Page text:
|9 to 13 years for girls||1,400 to 2,200|
|14 to 18 years for boys||2,000 to 3,200|
|14 to 18 years for girls||1,800 to 2,400|
Not all fat is bad and kids need a certain amount to support their brain health and promote healthy energy levels. About 30 percent of your child's daily calorie intake should come from fat, according to Kids Health. That means that if your child consumes 2,000 calories per day, about 600 of them should come from fat.
However, not all fat sources will do. It's vital to choose omega-3 fatty acids, monounsaturated fats and polyunsaturated fats and limit saturated and trans fats. Keep in mind that you need to determine your child's calorie needs before you figure out how much fat is healthy.
There's a lot of hype about carbs being bad for weight loss, but the truth is that they give your child's body fuel, according to the Centers for Disease Control and Prevention.
Some carbs, such as those found in desserts and soda, aren't good choices. Instead, offer your child foods offering a healthy carb intake as well as filling them with other vital nutrients. Keep in mind that your child's carb intake should be approximately 45 to 65 percent of her daily calorie intake, according to the Institute of Medicine.
Protein plays a role in virtually all of your body's functions and kids need about 10 to 35 percent of their daily calories in the form of protein, according to the Centers for Disease Control and Prevention. This ensures healthy muscle function, skin and hair health.
Help your child understand the value of fiber. This is a nutrient that fills your child's belly, digests slowly, and keeps him feeling full for longer periods of time than foods low in fiber. This is valuable for losing weight because high-fiber foods can help control your child's appetite, keeping him from overeating and reaching for unhealthy snacks between meals, according to Brierley Wright, M.S., R.D. in Eating Well magazine.
Healthy Choices Challenge
Training a child how to eat and exercise in order to burn calories not only helps them shed the pounds, but also provides them with better overall health now and in the future. Parents are the key in this process because they're in a position to positively influence their children.
A Family Effort
Schnelle advises parent to, "focus on including the entire family when it comes to healthy meal planning. Parents are direct role models for their children. It is important that they be the eater they want their child to be. Sit down as a family and plan meals together. Have each family member contribute by having a say in what is served for lunch and or dinner."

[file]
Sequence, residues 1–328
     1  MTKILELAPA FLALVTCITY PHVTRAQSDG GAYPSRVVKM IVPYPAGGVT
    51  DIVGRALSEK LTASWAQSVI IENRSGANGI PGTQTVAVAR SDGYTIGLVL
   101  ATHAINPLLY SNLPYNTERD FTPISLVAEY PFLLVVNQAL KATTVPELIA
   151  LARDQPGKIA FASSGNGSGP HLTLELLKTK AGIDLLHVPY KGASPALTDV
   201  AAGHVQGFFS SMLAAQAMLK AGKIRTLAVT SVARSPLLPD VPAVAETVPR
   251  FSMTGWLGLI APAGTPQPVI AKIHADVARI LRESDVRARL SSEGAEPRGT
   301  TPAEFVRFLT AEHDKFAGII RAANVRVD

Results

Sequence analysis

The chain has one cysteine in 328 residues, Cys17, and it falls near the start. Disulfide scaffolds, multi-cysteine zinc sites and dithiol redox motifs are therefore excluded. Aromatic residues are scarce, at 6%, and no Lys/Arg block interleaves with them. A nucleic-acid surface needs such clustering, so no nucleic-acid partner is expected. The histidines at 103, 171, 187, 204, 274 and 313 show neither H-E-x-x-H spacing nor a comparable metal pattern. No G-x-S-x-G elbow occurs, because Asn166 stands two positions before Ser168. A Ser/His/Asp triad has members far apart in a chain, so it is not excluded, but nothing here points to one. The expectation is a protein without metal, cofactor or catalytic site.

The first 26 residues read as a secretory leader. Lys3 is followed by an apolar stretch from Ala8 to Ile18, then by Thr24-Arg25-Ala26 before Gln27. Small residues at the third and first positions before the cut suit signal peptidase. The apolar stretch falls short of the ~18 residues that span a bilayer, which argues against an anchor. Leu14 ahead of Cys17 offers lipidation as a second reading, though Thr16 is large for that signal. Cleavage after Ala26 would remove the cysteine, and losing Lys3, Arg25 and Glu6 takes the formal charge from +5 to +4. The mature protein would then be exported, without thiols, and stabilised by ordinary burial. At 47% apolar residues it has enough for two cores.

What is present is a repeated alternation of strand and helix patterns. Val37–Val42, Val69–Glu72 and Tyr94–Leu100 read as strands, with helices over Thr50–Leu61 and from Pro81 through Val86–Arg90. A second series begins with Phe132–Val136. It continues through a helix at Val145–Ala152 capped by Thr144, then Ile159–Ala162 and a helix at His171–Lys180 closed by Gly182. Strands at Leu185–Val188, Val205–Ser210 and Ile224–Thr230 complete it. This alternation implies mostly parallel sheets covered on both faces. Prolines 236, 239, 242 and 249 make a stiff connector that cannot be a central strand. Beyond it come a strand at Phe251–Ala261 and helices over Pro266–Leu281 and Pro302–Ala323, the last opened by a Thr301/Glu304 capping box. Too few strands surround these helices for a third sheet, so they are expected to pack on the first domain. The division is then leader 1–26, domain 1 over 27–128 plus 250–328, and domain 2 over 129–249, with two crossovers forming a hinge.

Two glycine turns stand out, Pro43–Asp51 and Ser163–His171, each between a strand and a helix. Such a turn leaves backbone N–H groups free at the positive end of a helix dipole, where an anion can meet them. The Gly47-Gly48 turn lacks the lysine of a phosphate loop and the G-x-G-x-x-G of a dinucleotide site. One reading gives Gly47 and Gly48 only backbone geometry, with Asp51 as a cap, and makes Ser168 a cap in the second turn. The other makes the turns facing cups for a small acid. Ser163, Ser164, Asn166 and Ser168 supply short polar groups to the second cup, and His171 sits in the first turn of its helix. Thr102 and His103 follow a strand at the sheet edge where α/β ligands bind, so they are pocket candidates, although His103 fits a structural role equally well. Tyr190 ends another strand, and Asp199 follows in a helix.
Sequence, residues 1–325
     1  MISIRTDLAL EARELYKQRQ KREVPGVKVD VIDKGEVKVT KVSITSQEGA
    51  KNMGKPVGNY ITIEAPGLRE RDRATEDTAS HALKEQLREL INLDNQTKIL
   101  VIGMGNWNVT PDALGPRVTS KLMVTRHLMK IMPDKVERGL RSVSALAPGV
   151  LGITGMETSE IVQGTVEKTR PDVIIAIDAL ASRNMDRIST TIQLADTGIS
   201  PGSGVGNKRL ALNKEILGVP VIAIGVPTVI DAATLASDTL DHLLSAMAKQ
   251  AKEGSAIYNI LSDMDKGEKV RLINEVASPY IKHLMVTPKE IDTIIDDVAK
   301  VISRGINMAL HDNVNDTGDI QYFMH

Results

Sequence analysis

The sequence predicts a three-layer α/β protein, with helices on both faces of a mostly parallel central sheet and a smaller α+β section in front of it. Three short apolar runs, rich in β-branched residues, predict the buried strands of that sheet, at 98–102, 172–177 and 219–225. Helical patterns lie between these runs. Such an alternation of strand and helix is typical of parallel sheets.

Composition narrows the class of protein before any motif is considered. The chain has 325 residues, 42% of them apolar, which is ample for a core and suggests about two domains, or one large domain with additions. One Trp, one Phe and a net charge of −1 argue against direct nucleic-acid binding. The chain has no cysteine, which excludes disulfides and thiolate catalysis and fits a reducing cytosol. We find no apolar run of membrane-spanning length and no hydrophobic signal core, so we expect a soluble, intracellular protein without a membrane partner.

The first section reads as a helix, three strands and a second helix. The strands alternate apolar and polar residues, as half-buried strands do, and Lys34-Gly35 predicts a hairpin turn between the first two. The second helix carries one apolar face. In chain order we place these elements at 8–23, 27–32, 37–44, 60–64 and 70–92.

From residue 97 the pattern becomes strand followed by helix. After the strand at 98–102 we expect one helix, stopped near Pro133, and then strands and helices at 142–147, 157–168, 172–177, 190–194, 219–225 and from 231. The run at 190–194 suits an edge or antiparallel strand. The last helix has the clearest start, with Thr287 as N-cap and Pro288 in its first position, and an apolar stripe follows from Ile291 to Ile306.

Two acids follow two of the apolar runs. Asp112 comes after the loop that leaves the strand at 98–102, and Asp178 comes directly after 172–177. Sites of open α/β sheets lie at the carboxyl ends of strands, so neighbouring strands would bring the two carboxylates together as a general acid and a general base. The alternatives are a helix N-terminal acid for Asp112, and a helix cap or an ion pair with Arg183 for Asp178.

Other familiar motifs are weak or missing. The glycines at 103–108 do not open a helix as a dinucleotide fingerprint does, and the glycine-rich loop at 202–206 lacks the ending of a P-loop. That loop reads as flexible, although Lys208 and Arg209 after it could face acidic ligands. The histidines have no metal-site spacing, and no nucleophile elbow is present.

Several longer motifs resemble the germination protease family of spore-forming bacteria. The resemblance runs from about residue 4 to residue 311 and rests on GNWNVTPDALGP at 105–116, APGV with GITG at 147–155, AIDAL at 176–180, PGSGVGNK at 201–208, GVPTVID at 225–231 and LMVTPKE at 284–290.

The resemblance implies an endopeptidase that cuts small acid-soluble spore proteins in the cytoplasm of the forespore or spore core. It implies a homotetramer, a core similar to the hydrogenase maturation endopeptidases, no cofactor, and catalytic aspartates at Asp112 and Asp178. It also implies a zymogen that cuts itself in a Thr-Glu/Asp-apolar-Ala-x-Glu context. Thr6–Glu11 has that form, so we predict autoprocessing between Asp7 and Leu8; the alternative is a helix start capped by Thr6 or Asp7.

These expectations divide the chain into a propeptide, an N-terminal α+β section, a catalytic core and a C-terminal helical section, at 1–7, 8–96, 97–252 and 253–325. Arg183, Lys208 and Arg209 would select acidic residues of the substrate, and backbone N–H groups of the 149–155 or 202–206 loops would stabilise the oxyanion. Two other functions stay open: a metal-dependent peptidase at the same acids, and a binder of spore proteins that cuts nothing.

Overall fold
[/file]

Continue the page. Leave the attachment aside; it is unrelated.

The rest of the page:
"It is important not to eliminate treats from a child's diet, but educate them and find a way to work treats into a healthy meal plan. If treats are eliminated, it may lead to overeating when a child is around treats without the parent," says Schnelle. The bottom line is that severe restriction only increases cravings, so a dessert, serving of potato chips or soda every now and then isn't going to derail your entire healthy eating plan. Joy Bauer, expert dietitian for Today recommends helping your child eat right 90 percent of the time and allow for treats 10 percent of the time.
It's also important to teach your child to how to read labels, notes Healthy Utah. This helps him discern whether a food is too high in calories, fat and sugar or if it's a good mix of nutrients and a healthy number of calories. Show your child how to figure out what a proper portion size is so he can measure out an appropriate amount of food at mealtime. Teach him to balance his calorie intake throughout the day so he stays within a healthy calorie range for healthy weight loss.
Facing the Issue
It's easy for a parent to justify their child's weight as baby fat or something they will outgrow, but Schnelle notes that, "most parents are aware. An annual well-check from a pediatrician will show the parent what percentage a child is for their weight and height. If weight is an issue, the doctor will talk to the parents and follow-up with a plan of action."
Physical activity combined with healthy food choices helps your child reach a healthy weight. Schnelle recommends "any exercise that the child enjoys. In order for a child to live an active lifestyle, it is important they do activities they enjoy. They are more likely to maintain weight loss if they enjoy the activity they partake in. The entire family should be active together."